Senior Staff Writer
A Lewisburg Middle School student won the Marshall County Education Association District Spelling Bee on Tuesday at Marshall County High School.
The winner, participating with the lucky No. 7 sign displayed on his chest, was Bryan Westmoreland, son of Lewisburg residents Adam Westmoreland and Dieardra Cozart.
"This is my fourth county competition," young Westmoreland said as friends and family gathered around him. "This is my last year for spelling competition."
Having participated before, Westmoreland attributed his win to perseverance and practice.
"As soon as I got home, I practiced every day," he explained.
The 14-year-old eighth grader participated in MCEA spelling bees since he was in third grade. Now, he may compete March 2 in the regional spelling bee held at Middle Tennessee State University in Murfreesboro.
Westmoreland is a good student in English class, but he says, "I prefer social studies."
His parents kidded him about being competitive and liking football.
"I am pretty competitive," said Westmoreland, who would "kind of like to be a lawyer" when he grows up. That drew a good-natured kidding from his father: "He is a good liar."
His mother countered: "You can tell when he lies."
His success Tuesday might have been predictable as he stepped confidently from the microphone after completing each word he spelled. At least once, he began walking from the microphone before he was told he'd correctly spelled the word.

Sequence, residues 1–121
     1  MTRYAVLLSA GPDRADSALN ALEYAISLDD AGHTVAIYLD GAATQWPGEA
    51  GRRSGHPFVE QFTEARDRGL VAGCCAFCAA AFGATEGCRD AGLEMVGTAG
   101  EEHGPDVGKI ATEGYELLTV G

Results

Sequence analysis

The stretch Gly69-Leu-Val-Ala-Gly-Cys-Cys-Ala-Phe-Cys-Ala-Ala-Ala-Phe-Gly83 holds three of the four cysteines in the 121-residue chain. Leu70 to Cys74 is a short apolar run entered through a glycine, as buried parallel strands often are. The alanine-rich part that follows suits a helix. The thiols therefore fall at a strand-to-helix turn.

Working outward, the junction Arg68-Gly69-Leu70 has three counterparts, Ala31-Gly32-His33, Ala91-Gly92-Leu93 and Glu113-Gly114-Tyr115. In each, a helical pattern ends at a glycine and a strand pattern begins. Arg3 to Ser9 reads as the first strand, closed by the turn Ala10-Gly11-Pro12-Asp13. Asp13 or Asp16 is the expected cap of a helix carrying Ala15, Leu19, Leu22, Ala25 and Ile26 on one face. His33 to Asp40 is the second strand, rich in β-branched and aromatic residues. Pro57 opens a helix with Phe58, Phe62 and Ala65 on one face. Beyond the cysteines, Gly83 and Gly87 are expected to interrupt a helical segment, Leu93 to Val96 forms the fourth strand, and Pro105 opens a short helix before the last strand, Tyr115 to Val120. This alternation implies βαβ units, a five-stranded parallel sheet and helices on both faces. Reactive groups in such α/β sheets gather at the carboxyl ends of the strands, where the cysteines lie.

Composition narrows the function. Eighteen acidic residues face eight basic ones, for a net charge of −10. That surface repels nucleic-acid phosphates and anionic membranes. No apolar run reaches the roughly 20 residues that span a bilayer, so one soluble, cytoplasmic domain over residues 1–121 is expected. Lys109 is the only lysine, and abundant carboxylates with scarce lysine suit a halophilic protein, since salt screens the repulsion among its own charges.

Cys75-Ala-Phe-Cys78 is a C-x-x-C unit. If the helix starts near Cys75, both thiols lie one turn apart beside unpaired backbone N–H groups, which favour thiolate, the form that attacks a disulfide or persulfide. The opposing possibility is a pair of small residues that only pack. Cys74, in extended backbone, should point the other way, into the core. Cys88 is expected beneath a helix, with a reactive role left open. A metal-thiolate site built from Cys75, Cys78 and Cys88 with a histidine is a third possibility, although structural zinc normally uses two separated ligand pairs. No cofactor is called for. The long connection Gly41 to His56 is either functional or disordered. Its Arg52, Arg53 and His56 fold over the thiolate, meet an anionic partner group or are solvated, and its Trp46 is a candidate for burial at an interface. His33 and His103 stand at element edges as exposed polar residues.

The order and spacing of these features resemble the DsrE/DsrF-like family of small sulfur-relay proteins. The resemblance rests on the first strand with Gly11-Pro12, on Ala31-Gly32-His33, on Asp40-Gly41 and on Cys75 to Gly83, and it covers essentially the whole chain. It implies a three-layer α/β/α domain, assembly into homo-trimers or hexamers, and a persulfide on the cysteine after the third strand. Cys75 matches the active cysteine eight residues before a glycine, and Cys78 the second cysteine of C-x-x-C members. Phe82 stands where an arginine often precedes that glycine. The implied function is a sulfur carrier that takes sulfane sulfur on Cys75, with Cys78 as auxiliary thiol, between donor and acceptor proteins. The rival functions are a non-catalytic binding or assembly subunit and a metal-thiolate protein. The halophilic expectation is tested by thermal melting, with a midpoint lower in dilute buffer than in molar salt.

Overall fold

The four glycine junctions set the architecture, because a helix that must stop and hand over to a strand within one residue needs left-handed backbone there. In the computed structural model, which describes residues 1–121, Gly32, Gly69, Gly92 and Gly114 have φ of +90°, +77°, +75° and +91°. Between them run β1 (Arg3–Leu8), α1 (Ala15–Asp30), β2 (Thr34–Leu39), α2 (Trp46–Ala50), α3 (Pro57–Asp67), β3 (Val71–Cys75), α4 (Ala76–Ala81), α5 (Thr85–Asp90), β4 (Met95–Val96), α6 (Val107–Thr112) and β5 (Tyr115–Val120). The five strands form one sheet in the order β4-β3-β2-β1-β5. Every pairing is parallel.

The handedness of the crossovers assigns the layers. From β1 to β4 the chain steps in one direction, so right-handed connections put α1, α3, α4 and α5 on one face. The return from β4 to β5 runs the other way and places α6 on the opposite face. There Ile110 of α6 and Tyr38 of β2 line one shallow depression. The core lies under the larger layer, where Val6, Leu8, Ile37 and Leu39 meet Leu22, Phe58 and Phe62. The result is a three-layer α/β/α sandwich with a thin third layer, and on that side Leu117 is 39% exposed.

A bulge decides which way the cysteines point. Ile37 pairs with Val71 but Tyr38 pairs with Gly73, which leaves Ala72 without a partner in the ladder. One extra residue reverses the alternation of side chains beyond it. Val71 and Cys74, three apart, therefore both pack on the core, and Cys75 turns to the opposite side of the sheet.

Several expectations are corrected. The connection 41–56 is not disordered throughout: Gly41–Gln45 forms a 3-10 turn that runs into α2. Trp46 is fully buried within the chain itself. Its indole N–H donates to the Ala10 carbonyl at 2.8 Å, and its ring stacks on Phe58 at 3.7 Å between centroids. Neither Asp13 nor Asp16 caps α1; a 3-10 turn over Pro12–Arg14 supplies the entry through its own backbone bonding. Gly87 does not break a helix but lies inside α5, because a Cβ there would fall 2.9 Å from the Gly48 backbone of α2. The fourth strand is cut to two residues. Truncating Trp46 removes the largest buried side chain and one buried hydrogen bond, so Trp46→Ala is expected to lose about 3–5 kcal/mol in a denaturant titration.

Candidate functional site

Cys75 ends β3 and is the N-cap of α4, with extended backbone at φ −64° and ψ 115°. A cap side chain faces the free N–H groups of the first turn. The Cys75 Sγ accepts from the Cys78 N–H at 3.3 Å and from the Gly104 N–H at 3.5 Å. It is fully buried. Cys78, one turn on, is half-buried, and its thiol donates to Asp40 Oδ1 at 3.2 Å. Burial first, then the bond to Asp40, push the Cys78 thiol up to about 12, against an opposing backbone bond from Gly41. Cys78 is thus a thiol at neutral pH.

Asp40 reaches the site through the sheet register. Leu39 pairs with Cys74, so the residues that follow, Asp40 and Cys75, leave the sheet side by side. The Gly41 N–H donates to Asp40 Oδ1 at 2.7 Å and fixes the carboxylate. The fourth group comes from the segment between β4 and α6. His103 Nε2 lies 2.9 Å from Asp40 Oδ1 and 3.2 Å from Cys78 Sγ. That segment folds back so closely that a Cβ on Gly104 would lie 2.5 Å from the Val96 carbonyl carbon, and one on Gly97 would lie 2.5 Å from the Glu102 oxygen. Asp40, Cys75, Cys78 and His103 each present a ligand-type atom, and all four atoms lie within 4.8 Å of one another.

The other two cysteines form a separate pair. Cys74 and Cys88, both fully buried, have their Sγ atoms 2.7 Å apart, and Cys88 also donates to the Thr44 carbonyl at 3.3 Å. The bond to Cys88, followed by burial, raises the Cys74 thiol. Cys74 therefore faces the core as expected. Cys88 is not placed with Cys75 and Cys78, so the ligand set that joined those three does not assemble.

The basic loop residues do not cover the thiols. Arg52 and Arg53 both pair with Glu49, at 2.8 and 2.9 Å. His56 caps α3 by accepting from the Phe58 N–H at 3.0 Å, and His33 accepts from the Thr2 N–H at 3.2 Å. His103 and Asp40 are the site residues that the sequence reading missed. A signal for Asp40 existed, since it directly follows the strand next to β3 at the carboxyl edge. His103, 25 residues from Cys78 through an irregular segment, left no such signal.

It wasn't so with other contestants.
One student looked down at her two hands that moved as if she was writing the word congratulations on a tablet so she could spell it correctly. Another student's challenge was to spell "obituary," but it did not spell the death of that child's participation in that round. Some youngsters squirmed. Others asked for a second chance. Results varied, but there was no starting a third time.
Chapel Hill Elementary School fifth grader Logan Price, son of Chrystal Price and Gary Templeton, placed second. Oak Grove Elementary School fourth grader J.W. Beasley, son of Kristen and Tres Beasley, placed third. The two shook hands after a spell-off.
Competitors eliminated in the same round are seen as tied for the same finishing place, according to spelling bee rules. There were spell-offs at two spelling bees leading to the competition Tuesday.
There were 14 competitors Tuesday. There were 30 last year, when total participants were limited to one from every 25 in the schools sending spellers to compete. National spelling bee organizers changed the rules.
Former Marshall County Schools Director Nancy Aldridge was the enunciator for the spelling bee. Oak Grove Elementary School Instructional Facilitator Elaine Cagle, District Math Coach Becky Hill and Chapel Hill Elementary School Teacher Tara Stacey were the judges. Marshall County Schools K-6 Instruction Coordinator Tammy Lewis coordinated the program Tuesday.